Downtown Burlington was unusually active for a random Tuesday night. Chatting with my customers, I soon discovered the reason — one of Vermont’s largest homegrown industries was holding its annual conference in town. “Captive insurance” sounds like a policy you might consider purchasing if getting kidnapped is a real possibility in your life. In actuality, it’s something far more prosaic: a method by which large companies can self-insure against certain risks.
I know a little bit about this because, in the 1980s, I used to do some work for the Vermont man widely credited with pioneering the field of captive insurance. During the warmer months, the guy resided in Panton. Come the fall, he would hire me and another driver to transport his twin red and blue Mercedes Benz sports cars south to his Florida abode. Doing 80 mph down Interstate 95, we’d complete the trip in less than two days. Upon our arrival at the man’s Sunshine State compound, he would provide us with airline tickets back to Burlington, along with our fee and a fat tip. At the time, he was said to be the wealthiest person in Vermont.
So, back in the present, conferee after conferee I drove. These were insurance people — polite, nice, clean, not exactly wild men and women. By definition, I suppose, conventions are not for the unconventional. For me, this was A-OK, as mild-mannered customers are my favorite flavor. If a desire to hang with the wild bunch should bubble up, I’ll journey to Burning Man. In the back of my taxi, I prefer the bland and well behaved.
Of course, there can be another element to the out-of-town business conference, even in the mellow Queen City of Vermont.
Later that same Tuesday night, a middle-aged man hailed me from the corner of Church and Main. The look in his eyes suggested he was hot and bothered. “Oh, God,” he said, climbing into the back seat, “this town is loaded with hot girls, don’t ya think?”
“Yeah,” I said. “They don’t call it ‘Girlington’ for no reason.”
I threw the man that response as a bone, hoping to close the subject. When a guy is 20, 30, even 40, actively lusting after the beautiful girls on the street is all well and good. But once you’re old enough to be their father, let alone grandfather, that kind of behavior strikes me as unseemly. If the thought does arise — “lusting in your heart,” as Jimmy Carter once famously put it — have the decency to keep it to yourself. There’s no need to share it with your cab driver.
“Where am I taking you?” I asked, pulling back into traffic.
“To the Sheraton,” he replied. “I’m in town for some boring conference. Hey, if there’s some girls on the corner, pull the cab over. You know what I mean.”
“If you want to get with somebody tonight, you’re going to have to use your charm, man. ’Cause it’s not really that kind of town.”
“Can’t you help me out? You must know what’s going on.”
“Just to be clear — you’re talking about a hooker, right?”
In the rear-view mirror, I could see my bluntness had startled the guy. “Well, I didn’t want to say directly.”
“Here’s the deal, man. This is something I don’t get involved with. I just don’t want the karma, if you know what I’m saying. So, you’re barking up the wrong tree.”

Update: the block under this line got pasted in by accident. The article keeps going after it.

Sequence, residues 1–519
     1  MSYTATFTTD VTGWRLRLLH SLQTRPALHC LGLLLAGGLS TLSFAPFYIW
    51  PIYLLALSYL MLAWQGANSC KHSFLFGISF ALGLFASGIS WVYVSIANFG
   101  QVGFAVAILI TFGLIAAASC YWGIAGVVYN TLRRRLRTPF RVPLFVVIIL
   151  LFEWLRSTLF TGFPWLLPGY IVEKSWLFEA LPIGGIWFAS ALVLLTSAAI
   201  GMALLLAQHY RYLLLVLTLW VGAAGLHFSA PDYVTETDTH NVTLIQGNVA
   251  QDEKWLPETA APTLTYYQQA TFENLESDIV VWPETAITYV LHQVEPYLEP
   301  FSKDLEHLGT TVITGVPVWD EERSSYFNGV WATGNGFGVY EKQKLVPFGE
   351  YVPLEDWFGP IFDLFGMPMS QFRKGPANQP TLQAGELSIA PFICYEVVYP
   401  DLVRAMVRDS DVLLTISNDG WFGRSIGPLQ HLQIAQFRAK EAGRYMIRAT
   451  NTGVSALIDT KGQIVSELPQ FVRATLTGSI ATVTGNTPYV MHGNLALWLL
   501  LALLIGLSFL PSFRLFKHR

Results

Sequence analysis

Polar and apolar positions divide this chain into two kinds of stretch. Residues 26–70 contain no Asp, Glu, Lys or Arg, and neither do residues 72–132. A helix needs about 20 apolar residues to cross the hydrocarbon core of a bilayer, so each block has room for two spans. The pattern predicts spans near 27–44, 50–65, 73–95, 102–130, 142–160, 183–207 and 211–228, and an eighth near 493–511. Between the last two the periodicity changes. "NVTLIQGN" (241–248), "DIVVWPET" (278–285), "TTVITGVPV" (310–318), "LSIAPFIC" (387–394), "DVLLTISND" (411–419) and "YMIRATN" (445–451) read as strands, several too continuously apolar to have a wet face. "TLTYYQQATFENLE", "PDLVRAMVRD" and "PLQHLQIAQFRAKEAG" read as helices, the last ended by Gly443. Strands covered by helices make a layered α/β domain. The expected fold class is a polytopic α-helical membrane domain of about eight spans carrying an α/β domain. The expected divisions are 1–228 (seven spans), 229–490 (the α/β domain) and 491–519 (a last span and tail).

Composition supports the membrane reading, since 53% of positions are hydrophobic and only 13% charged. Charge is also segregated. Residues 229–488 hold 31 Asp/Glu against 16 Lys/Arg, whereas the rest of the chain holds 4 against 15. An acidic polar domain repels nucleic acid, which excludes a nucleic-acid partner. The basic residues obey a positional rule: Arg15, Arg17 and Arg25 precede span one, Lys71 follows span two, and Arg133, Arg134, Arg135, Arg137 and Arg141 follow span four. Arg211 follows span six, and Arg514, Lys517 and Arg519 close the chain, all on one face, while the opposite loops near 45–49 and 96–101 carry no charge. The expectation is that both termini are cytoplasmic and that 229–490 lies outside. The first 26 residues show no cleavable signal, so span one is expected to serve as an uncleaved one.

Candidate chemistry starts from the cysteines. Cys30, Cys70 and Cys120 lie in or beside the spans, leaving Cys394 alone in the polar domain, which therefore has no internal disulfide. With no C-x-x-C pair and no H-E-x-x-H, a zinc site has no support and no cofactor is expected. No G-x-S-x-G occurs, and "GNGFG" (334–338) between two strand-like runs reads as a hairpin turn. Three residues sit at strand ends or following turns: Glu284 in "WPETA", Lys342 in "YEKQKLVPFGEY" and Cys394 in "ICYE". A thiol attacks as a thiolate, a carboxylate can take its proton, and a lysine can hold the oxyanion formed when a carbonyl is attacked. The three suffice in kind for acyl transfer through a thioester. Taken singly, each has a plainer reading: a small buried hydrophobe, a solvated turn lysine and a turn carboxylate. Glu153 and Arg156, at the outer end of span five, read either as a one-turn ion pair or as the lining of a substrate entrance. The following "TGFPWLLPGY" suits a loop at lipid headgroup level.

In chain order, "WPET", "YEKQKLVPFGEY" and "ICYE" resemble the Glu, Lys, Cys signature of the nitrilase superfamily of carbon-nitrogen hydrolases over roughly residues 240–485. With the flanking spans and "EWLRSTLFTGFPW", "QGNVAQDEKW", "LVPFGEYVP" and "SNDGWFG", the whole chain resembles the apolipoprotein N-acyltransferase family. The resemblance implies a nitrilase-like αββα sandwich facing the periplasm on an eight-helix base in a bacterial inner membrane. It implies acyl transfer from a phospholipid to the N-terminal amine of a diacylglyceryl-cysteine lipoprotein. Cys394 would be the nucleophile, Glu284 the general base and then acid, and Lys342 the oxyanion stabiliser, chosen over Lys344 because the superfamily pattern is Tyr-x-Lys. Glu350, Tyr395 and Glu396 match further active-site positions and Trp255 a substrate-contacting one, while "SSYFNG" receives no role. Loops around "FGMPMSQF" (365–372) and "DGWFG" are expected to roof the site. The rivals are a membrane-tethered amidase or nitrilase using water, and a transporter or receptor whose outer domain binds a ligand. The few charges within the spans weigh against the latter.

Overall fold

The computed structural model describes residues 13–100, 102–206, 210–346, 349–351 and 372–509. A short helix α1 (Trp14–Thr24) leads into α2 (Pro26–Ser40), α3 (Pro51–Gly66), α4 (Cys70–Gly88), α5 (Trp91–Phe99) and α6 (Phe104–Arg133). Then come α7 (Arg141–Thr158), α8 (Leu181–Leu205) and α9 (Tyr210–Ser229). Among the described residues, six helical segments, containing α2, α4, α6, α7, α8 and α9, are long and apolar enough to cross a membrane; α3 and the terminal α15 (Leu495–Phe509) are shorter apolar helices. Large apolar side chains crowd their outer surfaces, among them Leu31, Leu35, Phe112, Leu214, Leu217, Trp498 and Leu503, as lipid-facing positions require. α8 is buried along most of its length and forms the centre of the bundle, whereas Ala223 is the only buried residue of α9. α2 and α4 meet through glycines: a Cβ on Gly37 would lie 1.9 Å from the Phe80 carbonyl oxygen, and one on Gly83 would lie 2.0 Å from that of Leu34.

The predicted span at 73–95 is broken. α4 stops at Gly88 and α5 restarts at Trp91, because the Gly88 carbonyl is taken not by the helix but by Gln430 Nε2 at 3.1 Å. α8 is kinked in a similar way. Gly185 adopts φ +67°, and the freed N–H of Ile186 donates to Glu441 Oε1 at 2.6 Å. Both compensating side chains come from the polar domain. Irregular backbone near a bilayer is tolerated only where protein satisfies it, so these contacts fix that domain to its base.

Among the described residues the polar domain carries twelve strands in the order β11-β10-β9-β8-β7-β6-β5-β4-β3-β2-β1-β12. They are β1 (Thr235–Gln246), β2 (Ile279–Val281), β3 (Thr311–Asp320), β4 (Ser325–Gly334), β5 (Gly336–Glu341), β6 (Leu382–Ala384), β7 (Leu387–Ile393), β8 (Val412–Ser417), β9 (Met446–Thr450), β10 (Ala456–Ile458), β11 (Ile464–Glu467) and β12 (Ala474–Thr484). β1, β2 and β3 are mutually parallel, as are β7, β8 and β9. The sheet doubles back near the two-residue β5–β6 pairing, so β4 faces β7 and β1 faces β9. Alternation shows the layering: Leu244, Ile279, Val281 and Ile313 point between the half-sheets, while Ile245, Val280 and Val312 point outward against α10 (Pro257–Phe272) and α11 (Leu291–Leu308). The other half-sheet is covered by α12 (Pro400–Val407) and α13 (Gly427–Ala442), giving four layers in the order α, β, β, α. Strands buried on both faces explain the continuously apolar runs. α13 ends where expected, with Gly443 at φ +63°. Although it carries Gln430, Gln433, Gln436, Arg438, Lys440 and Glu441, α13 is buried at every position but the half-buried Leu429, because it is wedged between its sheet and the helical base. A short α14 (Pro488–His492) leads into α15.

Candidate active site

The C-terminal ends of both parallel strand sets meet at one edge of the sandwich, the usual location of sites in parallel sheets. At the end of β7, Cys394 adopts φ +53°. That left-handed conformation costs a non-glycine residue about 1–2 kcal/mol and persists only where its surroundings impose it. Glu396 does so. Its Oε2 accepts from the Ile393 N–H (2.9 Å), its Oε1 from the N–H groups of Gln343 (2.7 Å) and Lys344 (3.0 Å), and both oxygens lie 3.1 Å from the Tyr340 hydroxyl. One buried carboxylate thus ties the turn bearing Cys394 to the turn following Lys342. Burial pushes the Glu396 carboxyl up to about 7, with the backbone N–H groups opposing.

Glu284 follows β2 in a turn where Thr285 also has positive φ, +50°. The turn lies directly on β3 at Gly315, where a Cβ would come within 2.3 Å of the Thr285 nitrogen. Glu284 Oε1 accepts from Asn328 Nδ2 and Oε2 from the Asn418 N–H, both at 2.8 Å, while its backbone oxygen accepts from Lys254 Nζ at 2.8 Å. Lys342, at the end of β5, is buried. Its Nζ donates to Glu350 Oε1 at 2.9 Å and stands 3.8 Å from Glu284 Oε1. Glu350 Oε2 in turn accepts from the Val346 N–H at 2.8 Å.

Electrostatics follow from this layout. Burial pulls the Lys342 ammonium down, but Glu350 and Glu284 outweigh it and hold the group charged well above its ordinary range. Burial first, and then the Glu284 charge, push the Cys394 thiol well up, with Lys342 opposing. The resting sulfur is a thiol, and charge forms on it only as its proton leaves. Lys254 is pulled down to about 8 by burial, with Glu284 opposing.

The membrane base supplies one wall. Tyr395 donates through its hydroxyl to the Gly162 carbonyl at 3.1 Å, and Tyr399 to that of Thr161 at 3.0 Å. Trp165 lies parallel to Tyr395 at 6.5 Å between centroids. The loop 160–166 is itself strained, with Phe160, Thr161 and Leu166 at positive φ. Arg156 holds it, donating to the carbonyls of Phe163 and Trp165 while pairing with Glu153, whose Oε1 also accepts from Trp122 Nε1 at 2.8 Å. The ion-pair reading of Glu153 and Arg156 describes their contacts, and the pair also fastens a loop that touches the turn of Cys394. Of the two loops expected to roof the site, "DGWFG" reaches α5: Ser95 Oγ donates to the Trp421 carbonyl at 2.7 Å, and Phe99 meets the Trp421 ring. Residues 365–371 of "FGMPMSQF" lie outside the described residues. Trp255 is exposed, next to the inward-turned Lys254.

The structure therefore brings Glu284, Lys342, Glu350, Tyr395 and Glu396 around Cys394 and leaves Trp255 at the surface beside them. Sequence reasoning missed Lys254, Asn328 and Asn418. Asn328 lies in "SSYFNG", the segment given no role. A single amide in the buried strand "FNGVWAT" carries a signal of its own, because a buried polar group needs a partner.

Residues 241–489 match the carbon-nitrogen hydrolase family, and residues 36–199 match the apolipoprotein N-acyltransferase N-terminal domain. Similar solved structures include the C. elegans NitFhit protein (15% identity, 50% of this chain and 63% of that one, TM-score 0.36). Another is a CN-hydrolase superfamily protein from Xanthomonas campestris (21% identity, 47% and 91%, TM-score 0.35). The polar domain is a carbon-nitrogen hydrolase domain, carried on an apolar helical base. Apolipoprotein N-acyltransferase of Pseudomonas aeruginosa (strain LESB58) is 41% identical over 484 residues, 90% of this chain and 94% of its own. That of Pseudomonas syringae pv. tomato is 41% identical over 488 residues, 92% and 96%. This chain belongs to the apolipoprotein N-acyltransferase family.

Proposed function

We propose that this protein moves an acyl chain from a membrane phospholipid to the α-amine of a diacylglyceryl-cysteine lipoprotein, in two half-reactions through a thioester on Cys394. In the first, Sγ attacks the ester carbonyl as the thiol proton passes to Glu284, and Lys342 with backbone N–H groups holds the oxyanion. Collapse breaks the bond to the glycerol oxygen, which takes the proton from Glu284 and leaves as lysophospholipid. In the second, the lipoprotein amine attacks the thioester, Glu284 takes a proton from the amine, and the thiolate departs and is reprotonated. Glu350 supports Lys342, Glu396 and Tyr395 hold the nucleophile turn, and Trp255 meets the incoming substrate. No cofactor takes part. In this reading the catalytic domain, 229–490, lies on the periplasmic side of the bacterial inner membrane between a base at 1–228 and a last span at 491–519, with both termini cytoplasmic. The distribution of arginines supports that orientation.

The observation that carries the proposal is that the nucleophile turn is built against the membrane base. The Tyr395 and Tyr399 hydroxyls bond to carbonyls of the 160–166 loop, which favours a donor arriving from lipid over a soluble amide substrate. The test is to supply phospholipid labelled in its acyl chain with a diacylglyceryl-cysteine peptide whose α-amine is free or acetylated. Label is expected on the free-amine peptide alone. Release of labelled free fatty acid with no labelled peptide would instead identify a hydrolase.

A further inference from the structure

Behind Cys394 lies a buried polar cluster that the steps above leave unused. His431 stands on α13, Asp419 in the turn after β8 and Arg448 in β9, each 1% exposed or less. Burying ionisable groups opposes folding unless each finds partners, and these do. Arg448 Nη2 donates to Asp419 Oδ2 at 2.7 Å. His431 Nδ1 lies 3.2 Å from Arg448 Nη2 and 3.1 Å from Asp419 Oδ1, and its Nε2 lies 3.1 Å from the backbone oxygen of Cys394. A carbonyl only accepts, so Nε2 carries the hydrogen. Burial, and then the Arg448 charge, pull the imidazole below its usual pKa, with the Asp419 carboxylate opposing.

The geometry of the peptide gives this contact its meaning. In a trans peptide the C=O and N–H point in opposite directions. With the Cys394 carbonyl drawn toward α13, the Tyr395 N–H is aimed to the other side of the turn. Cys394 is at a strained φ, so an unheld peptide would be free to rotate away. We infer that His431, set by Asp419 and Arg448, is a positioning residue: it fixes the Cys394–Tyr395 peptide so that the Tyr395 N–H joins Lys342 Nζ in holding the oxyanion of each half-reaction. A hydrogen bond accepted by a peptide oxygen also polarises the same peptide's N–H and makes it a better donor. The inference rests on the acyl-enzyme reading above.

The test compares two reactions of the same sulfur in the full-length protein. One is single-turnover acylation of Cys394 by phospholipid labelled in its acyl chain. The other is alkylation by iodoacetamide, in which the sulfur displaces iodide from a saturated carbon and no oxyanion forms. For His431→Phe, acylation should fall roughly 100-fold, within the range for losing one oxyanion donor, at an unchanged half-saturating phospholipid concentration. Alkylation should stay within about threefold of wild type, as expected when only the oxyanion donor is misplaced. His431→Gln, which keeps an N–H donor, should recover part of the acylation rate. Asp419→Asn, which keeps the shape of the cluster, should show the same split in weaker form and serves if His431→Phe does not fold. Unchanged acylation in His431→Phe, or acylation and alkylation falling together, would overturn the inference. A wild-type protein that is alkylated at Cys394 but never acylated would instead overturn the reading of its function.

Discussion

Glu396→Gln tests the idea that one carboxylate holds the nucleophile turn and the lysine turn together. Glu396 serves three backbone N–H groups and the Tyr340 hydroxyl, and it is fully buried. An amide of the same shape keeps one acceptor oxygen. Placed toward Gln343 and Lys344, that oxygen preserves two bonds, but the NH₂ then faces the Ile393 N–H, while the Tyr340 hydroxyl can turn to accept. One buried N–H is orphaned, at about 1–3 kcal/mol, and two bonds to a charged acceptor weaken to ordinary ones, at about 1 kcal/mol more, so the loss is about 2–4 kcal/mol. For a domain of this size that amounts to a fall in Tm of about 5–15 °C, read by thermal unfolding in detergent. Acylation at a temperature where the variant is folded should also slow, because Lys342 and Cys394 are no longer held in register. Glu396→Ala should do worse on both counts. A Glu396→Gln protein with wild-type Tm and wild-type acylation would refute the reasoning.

“Well, that’s totally an evasive statement,” he scoffed. “Just give me a straight answer — are there hookers in this town, and where can I find one?”
I’m not a babe in the woods. I’ve been hacking in Vermont’s largest city for 30 years, and I’ve kept my eyes open the whole time. On a small scale and in a low-key fashion, Burlington features all the great vices known to man: drugs, illegal gambling, prostitution. You crave it, we got it. I simply choose not to participate, either as a purveyor or a facilitator. It’s not that I’m some great moralist; I just find life a tough enough row to hoe without the distractions.
I said to the man, “Am I being unclear? How else can I say it? If you asked me where to score some drugs, you’d get the same answer — I’m just not the guy who’s gonna help you out with that. Anyway, you’re staying at a hotel, right? Why do you think they invented Cinemax?”
“Screw that,” he said. “If you can’t help me, maybe another cabbie will.”
“Your call, brother,” I said. “Do you want me take you back downtown to try another cab?”
“Yeah, I do.”
We had just crossed Prospect, so I took a quick left onto University Place, a U-turn at the Royal/Tyler Theatre and the right back onto Main Street, returning down the hill. Neither my customer nor I said a word; it was tense, but we had reached an understanding.
I pulled to the curb at Church Street, and that’s where our understanding broke down. When I said, “That’ll be seven dollars,” he ignored me and left the cab. Apparently, he was under the impression that our little jaunt up and down Main Street was on the house.
He began to cross the street, walking toward a couple of taxis parked at the lower Church Street cabstand. Through my window, and pointing to the cellphone in my hand, I called to him, “Hey, you know I’m gonna call the cops, right? You do understand that?”
He just kept walking, calling my bluff. I know how the Burlington police operate. If I had called, a police officer would have forced the man to pay me the lousy seven bucks — I’ve found them quite supportive of cab drivers when a customer refuses to pay. But I’ve grown old and wise, at least about these things. I had no point to prove; I didn’t need to “teach the guy a lesson.” So, why bring in the cops? Why take it any further? Certainly not for seven bucks.
Perhaps the guy found a cabbie willing to hook him up. Maybe his need was fulfilled for the night. The thing is, it’s just not any of my business.